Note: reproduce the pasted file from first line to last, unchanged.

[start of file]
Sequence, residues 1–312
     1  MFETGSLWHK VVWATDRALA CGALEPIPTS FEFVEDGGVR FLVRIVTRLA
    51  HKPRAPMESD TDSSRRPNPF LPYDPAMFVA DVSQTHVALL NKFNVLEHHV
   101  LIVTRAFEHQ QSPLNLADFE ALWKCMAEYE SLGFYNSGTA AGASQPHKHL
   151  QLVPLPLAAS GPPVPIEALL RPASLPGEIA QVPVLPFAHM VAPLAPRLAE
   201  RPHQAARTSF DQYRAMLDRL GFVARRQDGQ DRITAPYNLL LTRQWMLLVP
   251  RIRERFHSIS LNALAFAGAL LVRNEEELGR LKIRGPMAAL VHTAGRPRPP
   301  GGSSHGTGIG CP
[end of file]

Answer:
Sequence, residues 1–312
     1  MFETGSLWHK VVWATDRALA CGALEPIPTS FEFVEDGGVR FLVRIVTRLA
    51  HKPRAPMESD TDSSRRPNPF LPYDPAMFVA DVSQTHVALL NKFNVLEHHV
   101  LIVTRAFEHQ QSPLNLADFE ALWKCMAEYE SLGFYNSGTA AGASQPHKHL
   151  QLVPLPLAAS GPPVPIEALL RPASLPGEIA QVPVLPFAHM VAPLAPRLAE
   201  RPHQAARTSF DQYRAMLDRL GFVARRQDGQ DRITAPYNLL LTRQWMLLVP
   251  RIRERFHSIS LNALAFAGAL LVRNEEELGR LKIRGPMAAL VHTAGRPRPP
   301  GGSSHGTGIG CP